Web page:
Coker SB. Bobble-headed doll syndrome due to trapped fourth ventricle and aqueduct. Pediatr Neurol. 1986;2:115–6.PubMedCrossRefGoogle Scholar
  60. 60.
    Collins A, Jankovic J. Botulinum toxin injection for congenital muscular torticollis presenting in children and adults. Neurology. 2006;67:1083–5.PubMedCrossRefGoogle Scholar
  61. 61.
    Cotton DG, Newman CG. Dystonic reactions to phenothiazine derivatives. Arch Dis Child. 1966;41:551–3.CrossRefGoogle Scholar
  62. 62.
    Courchesne E, Karns CM, Davis HR, et al. Unusual brain growth patterns in early life in patients with autistic disorder: an MRI study. Neurology. 2001;57:245–52.PubMedCrossRefGoogle Scholar
  63. 63.
    Courchesne E, Townsend J, Saitoh O. The brain in infantile autism: posterior fossa structures are abnormal. Neurology. 1994;44:214–23.PubMedCrossRefGoogle Scholar
  64. 64.
    Coventry MB, Harris LE. Congenital muscular torticollis in infancy. J Bone Joint Surg. 1959;5:815–22.Google Scholar
  65. 65.
    Craig FW, Schunk JE. Retropharyngeal abscess in children: clinical presentation, utility of imaging, and current management. Pediatrics. 2003;111:1394–8.PubMedCrossRefGoogle Scholar
  66. 66.
    Crone RA. Alternating hyperphoria. Br J Ophthalmol. 1954;38:591–604.PubMedPubMedCentralCrossRefGoogle Scholar
  67. 67.
    Crone RA. Visual acuity and torticollis. Neth Ophthalmol Soc. 1968;156:6–15.CrossRefGoogle Scholar
  68. 68.
    Cruysberg JR, Willemsen MA, van Moli-Ramirez NG, et al. The “overlooking” phenomenon of children with neuronal ceroid lipofuscinosis. Neuroophthalmology. 2007;31. [abstract issue].Google Scholar
  69. 69.
    Daentzer D, Stüder D, Wirth CJ. Muscular torticollis [article in German]. Oper Orthop Traumatol. 2010;22:177–87.PubMedCrossRefGoogle Scholar
  70. 70.
    de Brito Heenriques JG, Henriques KS, Filho GP, et al. Boble-head doll syndrome associated with Dandy-Walker syndrome. Case report. J Neurosurg. 2007;107:248–50.CrossRefGoogle Scholar
  71. 71.
    De Chalain TM, Park S. Torticollis associated with positional plagiocephaly: a growing epidemic. J Craniofac Surg. 2005;16:411–8.PubMedCrossRefGoogle Scholar
  72. 72.
    de Decker W. Rotatischer Kestenbaum an geraden Augenmuskeln. Z Prakt Augenheilkd. 1990;1:111–4.Google Scholar
  73. 73.
    Dell S. Further observations on the “bobble-headed doll syndrome”. J Neurol Neurosurg Psychiatry. 1981;44:1046–52.PubMedPubMedCentralCrossRefGoogle Scholar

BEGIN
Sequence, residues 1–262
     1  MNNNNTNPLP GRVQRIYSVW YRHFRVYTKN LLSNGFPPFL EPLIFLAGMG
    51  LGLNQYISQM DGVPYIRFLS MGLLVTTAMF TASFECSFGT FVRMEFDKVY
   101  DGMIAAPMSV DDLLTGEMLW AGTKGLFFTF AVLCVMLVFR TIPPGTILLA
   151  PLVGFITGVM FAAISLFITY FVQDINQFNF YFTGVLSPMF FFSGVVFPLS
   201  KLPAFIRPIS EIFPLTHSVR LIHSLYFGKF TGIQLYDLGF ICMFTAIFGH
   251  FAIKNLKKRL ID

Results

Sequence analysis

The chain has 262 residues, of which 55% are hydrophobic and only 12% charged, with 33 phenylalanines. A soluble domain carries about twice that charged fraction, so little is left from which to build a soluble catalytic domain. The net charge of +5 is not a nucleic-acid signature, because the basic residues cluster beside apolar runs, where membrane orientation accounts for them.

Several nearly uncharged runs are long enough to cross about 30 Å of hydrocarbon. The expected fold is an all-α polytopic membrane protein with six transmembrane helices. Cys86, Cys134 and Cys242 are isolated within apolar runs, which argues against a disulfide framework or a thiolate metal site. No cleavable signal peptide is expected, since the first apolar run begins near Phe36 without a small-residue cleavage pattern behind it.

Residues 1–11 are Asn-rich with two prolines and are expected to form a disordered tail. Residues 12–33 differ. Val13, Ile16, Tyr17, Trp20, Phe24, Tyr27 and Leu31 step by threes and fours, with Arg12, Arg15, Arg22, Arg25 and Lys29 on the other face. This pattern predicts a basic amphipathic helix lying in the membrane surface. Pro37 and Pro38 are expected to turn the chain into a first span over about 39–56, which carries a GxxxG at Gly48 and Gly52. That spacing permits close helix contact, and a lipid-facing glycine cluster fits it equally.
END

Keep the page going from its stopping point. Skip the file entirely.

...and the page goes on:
74. 74.
    Dell’Osso LF, Daroff RB. Abnormal head position and head motion associated with congenital nystagmus. In: Keller EL, Zee DS, editors. Adaptive processes in visual and oculomotor systems. Oxford: Pergamon; 1986. p. 473–8.Google Scholar
  75. 75.
    Dell’Osso LF, van der Steen J, Steinman RM, et al. Foveation dynamics in congenital nystagmus. II: smooth pursuit. Doc Ophthalmol. 1992;9:25–49.CrossRefGoogle Scholar
  76. 76.
    Demer JL. Abnormal head posture in restrictive strabismus. Am Orthopt J. 1995;45:50–9.Google Scholar
  77. 77.
    Deonna T, Dubey B. Bobble-headed doll syndrome. Helv Paediatr Acta. 1976;31:221.PubMedGoogle Scholar
  78. 78.
    Dhir SP, Shisku MW, Krewi A. Ocular involvement in histidinemia. Ophthalmic Paediatr Genet. 1987;8:175–6.PubMedCrossRefGoogle Scholar
  79. 79.
    Diamond GR, Katowita JA, Whitaker LA, et al. Ocular and adnexal complications of unilateral orbital advancement for plagiocephaly. Arch Ophthalmol. 1987;105:381–5.PubMedCrossRefGoogle Scholar
  80. 80.
    Dieterich M, Brandt T. Ocular torsion and tilt of subjective visual vertical are sensitive brainstem signs. Ann Neurol. 1993;33:292–9.PubMedCrossRefGoogle Scholar
  81. 81.
    Dieterich M, Bucher SF, Seelos KC, et al. Horizontal or vertical optokinetic stimulation activates visual motion-sensitive ocular motor and vestibular cortex areas with right hemispheric dominance. Brain. 1998;121:1479–95.PubMedCrossRefGoogle Scholar
  82. 82.
    Do TT. Congenital muscular torticollis: current concepts and review of treatment. Curr Opin Pediatr. 2006;18:26–9.PubMedGoogle Scholar
  83. 83.
    Donahue SP, Haun AK. Exotropia and face turn in children with homonymous hemianopia. J Neuroophthalmol. 2007;27:304–7.PubMedCrossRefGoogle Scholar
  84. 84.
    Donahue SP, Lavin PJ, Hamed LM. Tonic ocular tilt reaction simulating a superior oblique palsy: diagnostic confusion with the 3-step test. Arch Ophthalmol. 1999;117:347–52.PubMedCrossRefGoogle Scholar
  85. 85.
    Donnai D. A further patient with the Pitt-Rogers-Danks syndrome of mental retardation, unusual face, and intrauterine growth retardation. Am J Med Genet. 1986;24:29–32.PubMedCrossRefGoogle Scholar
  86. 86.
    Dorland’s medical dictionary. 27th ed. Philadelphia: W.B. Saunders; 1988, p. 1734.Google Scholar
  87. 87.
    Drigo P, Carli G, Laverda AM. Benign paroxysmal torticollis of infancy. Brain Dev. 2000;22:169–72.PubMedCrossRefGoogle Scholar
  88. 88.
    DuBois LG. Abnormal head posture in infantile esotropia. Am Orthopt J. 1995;45:14–8.Google Scholar
  89. 89.
    Duke-Elder S. System of ophthalmology, Ocular motility and strabismus, vol. 6. St. Louis: CV Mosby; 1973.Google Scholar
  90. 90.
    Duke-Elder ST. System of ophthalmology, vol. 6. London: Henry Klimpton; 1990. p. 680.Google Scholar
  91. 91.
    Duman O, Aralaflmak A, Duranoğlu Y, et al. Torticollis secondary to monocular viewing in an infant with unilateral hypoplasia of the internal carotid artery. Dev Med Child Neurol. 2007;49:874–7.CrossRefGoogle Scholar